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Real Estate - Residential

Local Realtors Oppose Requested Homeowner Insurance Rate Hike

By Cece Nunn, posted Nov 22, 2017
Cape Fear Realtors, a Wilmington-based regional Realtors association, announced its opposition Wednesday to a proposed homeowner insurance rate hike.

North Carolina Insurance Commissioner Mike Causey on Monday announced that the N.C. Rate Bureau has filed notice with the state Department of Insurance asking for a statewide average increase in homeowners insurance rates of 18.7 percent for 2018, according to a DOI release.

The N.C. Rate Bureau represents the homeowners insurance companies in the state in asking for the increase, the release said.

“This is a similar request that was made three years ago, which was denied, in part, because the Rate Bureau is not using the right models and existing rates are already too high,” said Cape Fear Realtors CEO Taylor Oldroyd, in a CFR news release. "Currently, insurance companies use computer generated models to determine insurance rates throughout the state. They are not required to use historic costs associated with storm and hurricane damage." 

Oldroyd said that’s one of the issues the legislature has been working to address in recent years.

The rate filing announced Monday is the first homeowners insurance rate filing the Department of Insurance has received from the Rate Bureau asking for an increase in rates since 2014, the DOI release said. The 2014 filing resulted in the first homeowners insurance hearing in more than 20 years with the state insurance commissioner finally deciding not to change the rate on behalf of policyholders, according to the release.

The last time a homeowners insurance rate increase request from the Rate Bureau resulted in higher rates for homeowners was in 2012. The Rate Bureau asked for a 17.7 percent increase, then settled at an overall statewide average of 7 percent after negotiations, the DOI release said.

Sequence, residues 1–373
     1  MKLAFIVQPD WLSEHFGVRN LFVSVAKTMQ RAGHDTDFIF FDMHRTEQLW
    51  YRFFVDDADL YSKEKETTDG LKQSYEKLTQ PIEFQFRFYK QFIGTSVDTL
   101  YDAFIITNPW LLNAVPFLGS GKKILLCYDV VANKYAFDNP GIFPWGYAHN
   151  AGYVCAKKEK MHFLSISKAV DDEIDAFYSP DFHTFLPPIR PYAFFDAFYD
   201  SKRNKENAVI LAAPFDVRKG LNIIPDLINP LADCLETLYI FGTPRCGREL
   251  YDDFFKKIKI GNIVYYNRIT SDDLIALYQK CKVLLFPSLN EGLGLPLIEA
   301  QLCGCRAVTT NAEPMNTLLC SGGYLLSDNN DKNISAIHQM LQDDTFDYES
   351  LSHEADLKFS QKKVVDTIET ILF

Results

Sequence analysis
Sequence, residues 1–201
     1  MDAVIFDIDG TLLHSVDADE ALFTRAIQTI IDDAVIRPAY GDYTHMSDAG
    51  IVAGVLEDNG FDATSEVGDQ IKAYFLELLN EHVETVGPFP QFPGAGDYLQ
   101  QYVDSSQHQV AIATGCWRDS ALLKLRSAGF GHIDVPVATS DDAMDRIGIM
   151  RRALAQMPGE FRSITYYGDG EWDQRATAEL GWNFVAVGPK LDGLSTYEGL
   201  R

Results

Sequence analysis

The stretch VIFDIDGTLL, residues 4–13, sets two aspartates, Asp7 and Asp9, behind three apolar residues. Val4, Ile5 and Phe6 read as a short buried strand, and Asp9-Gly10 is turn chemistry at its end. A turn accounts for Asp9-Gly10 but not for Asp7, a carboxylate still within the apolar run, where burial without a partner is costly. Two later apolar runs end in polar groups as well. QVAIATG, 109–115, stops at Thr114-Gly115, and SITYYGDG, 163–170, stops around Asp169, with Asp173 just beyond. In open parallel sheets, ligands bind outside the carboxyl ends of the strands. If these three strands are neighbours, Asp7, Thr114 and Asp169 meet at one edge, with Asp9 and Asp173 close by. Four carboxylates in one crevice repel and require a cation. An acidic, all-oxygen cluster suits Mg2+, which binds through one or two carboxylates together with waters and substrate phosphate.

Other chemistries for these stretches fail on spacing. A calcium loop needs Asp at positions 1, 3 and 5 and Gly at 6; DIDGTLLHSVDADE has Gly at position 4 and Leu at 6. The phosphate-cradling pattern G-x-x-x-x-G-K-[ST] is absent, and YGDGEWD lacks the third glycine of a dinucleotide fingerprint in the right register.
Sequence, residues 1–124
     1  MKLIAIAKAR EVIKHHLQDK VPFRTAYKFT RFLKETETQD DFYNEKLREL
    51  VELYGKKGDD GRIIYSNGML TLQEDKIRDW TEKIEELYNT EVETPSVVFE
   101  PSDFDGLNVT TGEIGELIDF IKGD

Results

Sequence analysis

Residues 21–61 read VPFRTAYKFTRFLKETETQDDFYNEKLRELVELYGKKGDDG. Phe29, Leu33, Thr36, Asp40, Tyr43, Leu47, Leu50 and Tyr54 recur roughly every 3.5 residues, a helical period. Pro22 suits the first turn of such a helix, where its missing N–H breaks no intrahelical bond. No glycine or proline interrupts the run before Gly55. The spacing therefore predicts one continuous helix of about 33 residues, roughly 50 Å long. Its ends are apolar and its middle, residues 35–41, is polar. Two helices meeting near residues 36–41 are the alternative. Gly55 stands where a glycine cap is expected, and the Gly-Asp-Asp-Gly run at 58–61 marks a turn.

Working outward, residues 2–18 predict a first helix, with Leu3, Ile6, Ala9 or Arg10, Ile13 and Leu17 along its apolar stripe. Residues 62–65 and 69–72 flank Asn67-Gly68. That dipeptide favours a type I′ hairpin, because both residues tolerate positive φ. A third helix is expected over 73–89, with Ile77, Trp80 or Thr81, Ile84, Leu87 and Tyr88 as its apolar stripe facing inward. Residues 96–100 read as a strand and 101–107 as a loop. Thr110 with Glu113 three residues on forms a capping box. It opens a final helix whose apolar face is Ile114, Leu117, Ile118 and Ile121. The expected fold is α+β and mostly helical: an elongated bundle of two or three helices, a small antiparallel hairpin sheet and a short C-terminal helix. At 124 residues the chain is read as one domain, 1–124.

According to CFR officials, homeowner insurance legislation in the General Assembly in the past few sessions has been spearheaded by Sen. Michael Lee (R-New Hanover) and former Rep. Chris Millis.

“Senator Lee’s bill to address Consent-to-Rate letters that allow insurance companies to charge homeowners rates that exceed limits set by the Rate Bureau failed in House/Senate conference in May. This, along with a number of issues, needs to be addressed to improve the process of how homeowner insurance is both regulated and determined,” said Oldroyd. “Homeownership insurance rates are too high, and we plan to work against any increases proposed, which would result in creating a worse situation than already exists.”

According to the DOI news release, a public comment period is required by law to give the public time to address the Rate Bureau’s proposed rate increase. There are three ways to provide comment:

  • A public comment forum will be held 10 a.m. to 4:30 p.m. in the DOI's second floor hearing room in the Albemarle Building, 325 N. Salisbury St. in Raleigh, to listen to public input on the Rate Bureau’s rate increase request.
  • Emailed public comments should be sent by Dec. 29 to [email protected]gov
  • Written public comments should be mailed to Tricia Ford to be received by Dec. 29 and addressed to: 1201 Mail Service Center, Raleigh, NC 27699-1201

All public comments will also be shared with the N.C. Rate Bureau. If DOI officials do not agree with the requested rates, they will be negotiated with the N.C. Rate Bureau, the state release said. If a settlement cannot be reached within 50 days, a hearing will be called.

Settlements have been reached on rate filings in the past, but if the case goes to a hearing, the hearing officer will rule on rates and any appeal would go through the court system, according to the state release. The rates set in these cases represent the highest amount allowable for all companies to charge.

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